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UNICODE (Transact-SQL)

Returns the integer value, as defined by the Unicode standard, for the first character of the input expression.

Applies to: SQL Server (SQL Server 2008 through current version), Azure SQL Database.

Topic link icon Transact-SQL Syntax Conventions

UNICODE ( 'ncharacter_expression' )

' ncharacter_expression '

Is an nchar or nvarchar expression.

In versions of SQL Server earlier than SQL Server 2012 and in Azure SQL Database, the UNICODE function returns a UCS-2 codepoint in the range 0 through 0xFFFF. In SQL Server 2012 and later editions, when using SC collations, UNICODE returns a UTF-16 codepoint in the range 0 through 0x10FFFF.

A. Using UNICODE and the NCHAR function

The following example uses the UNICODE and NCHAR functions to print the UNICODE value of the first character of the Åkergatan 24-character string, and to print the actual first character, Å.

DECLARE @nstring nchar(12);
SET @nstring = N'Åkergatan 24';
SELECT UNICODE(@nstring), NCHAR(UNICODE(@nstring));

Here is the result set.

----------- - 
197         Å

B. Using SUBSTRING, UNICODE, and CONVERT

The following example uses the SUBSTRING, UNICODE, and CONVERT functions to print the character number, the Unicode character, and the UNICODE value of each of the characters in the string Åkergatan 24.

-- The @position variable holds the position of the character currently
-- being processed. The @nstring variable is the Unicode character 
-- string to process.
DECLARE @position int, @nstring nchar(12);
-- Initialize the current position variable to the first character in 
-- the string.
SET @position = 1;
-- Initialize the character string variable to the string to process. 
-- Notice that there is an N before the start of the string, which 
-- indicates that the data following the N is Unicode data.
SET @nstring = N'Åkergatan 24';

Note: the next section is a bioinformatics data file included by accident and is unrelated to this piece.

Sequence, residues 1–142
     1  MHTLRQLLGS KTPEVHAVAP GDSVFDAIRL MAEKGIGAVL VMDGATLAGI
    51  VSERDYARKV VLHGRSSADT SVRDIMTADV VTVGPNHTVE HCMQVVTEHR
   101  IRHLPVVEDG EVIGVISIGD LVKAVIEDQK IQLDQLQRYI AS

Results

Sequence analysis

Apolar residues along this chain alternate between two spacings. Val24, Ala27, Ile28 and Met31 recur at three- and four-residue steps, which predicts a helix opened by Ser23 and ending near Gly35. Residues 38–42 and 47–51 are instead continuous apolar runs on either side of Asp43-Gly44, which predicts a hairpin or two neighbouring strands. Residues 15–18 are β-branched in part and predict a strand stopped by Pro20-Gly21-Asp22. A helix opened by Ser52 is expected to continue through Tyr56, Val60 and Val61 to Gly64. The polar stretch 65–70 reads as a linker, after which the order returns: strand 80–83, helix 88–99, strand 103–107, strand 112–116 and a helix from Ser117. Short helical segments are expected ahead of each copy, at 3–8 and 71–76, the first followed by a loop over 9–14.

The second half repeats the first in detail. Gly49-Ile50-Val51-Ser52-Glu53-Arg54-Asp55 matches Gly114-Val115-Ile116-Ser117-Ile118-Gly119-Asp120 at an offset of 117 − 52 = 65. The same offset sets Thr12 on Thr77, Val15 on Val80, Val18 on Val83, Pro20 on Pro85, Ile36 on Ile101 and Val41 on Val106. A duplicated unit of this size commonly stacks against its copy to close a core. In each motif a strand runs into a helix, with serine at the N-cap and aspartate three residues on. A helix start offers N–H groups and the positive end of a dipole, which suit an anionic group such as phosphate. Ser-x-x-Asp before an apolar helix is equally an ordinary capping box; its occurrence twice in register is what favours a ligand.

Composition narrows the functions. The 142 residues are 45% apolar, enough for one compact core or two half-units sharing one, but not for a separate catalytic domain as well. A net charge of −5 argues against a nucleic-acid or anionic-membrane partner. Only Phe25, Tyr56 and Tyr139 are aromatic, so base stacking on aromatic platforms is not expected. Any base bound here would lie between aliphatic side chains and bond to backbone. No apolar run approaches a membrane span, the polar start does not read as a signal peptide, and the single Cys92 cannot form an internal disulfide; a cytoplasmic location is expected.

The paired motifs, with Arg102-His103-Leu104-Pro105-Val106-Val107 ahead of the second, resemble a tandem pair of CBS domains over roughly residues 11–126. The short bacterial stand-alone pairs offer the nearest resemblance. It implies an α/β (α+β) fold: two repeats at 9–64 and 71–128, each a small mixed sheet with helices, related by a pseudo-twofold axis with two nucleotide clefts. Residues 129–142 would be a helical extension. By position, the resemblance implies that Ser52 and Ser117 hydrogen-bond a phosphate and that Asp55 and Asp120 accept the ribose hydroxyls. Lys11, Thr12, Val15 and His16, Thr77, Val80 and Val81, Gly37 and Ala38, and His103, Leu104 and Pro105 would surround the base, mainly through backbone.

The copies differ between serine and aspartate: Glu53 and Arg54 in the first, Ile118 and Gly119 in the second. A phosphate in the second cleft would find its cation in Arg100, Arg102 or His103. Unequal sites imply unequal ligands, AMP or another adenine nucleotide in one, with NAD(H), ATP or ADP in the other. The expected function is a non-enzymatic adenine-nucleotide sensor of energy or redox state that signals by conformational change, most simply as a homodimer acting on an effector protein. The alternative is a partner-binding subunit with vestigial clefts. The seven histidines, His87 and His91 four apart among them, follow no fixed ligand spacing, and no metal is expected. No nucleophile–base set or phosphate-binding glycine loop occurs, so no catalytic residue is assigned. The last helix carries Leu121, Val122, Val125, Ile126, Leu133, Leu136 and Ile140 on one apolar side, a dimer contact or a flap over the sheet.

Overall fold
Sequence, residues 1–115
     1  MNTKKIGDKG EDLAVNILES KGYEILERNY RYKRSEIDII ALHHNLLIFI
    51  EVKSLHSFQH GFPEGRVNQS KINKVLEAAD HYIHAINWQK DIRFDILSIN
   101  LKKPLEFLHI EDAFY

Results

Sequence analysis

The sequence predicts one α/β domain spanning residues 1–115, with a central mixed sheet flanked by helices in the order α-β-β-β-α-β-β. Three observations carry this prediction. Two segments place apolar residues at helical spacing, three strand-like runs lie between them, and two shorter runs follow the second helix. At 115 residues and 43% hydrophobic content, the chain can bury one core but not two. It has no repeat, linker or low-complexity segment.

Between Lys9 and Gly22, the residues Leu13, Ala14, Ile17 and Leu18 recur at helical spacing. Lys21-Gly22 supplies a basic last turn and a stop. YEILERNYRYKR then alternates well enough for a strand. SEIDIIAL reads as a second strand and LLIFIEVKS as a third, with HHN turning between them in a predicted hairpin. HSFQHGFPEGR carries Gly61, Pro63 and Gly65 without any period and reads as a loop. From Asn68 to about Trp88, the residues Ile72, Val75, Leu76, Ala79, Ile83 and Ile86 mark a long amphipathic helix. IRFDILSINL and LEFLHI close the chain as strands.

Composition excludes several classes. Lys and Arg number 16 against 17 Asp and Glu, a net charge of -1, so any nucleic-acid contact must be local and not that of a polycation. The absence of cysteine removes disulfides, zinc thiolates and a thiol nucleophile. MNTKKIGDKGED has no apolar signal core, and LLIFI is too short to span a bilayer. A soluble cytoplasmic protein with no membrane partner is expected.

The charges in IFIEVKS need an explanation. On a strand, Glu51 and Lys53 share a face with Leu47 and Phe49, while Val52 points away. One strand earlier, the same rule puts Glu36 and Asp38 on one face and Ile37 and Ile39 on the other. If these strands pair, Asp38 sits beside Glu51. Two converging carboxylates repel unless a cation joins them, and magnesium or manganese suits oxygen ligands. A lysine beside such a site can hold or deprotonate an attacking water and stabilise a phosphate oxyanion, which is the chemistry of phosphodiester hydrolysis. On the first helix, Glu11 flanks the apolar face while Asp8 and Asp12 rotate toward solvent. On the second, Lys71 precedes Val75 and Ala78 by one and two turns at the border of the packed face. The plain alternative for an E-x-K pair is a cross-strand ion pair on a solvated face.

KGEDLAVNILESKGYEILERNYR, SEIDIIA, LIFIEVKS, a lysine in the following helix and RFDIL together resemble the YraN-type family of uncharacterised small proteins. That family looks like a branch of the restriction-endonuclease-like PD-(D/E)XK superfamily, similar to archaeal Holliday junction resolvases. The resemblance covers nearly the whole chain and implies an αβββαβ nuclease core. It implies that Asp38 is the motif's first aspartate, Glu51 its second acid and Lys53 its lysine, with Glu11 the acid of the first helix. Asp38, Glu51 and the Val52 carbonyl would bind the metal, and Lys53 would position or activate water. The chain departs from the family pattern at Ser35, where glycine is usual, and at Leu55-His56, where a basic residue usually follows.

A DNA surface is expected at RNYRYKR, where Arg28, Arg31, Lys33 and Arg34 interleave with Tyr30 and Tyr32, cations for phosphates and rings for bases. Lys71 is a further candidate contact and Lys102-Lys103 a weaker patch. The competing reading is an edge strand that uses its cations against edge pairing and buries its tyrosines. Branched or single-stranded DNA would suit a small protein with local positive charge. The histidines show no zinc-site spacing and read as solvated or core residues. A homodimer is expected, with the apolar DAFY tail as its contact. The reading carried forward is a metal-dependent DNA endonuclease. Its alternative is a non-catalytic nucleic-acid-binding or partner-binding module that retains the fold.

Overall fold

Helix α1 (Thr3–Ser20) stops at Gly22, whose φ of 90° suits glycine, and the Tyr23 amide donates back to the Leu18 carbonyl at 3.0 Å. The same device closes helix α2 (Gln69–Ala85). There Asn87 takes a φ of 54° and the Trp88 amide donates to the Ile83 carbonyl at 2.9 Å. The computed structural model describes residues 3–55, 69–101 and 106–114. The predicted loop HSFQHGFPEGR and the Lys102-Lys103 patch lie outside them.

-- Print the character number of the position of the string you are at, 
-- the actual Unicode character you are processing, and the UNICODE 
-- value for this particular character.
PRINT 'Character #' + ' ' + 'Unicode Character' + ' ' + 'UNICODE Value';
WHILE @position <= DATALENGTH(@nstring)
-- While these are still characters in the character string,
   BEGIN;
   SELECT @position, 
      CONVERT(char(17), SUBSTRING(@nstring, @position, 1)),
      UNICODE(SUBSTRING(@nstring, @position, 1));
   SELECT @position = @position + 1;
   END;

Here is the result set.

Character # Unicode Character UNICODE Value
                                          
----------- ----------------- ----------- 
1           Å                 197         
                                          
----------- ----------------- ----------- 
2           k                 107         
                                          
----------- ----------------- ----------- 
3           e                 101         
                                          
----------- ----------------- ----------- 
4           r                 114         
                                          
----------- ----------------- ----------- 
5           g                 103         
                                          
----------- ----------------- ----------- 
6           a                 97          
                                          
----------- ----------------- ----------- 
7           t                 116         
                                          
----------- ----------------- ----------- 
8           a                 97          
                                          
----------- ----------------- ----------- 
9           n                 110         
                                          
----------- ----------------- ----------- 
10                            32          
                                          
----------- ----------------- ----------- 
11          2                 50          
                                          
----------- ----------------- ----------- 
12          4                 52

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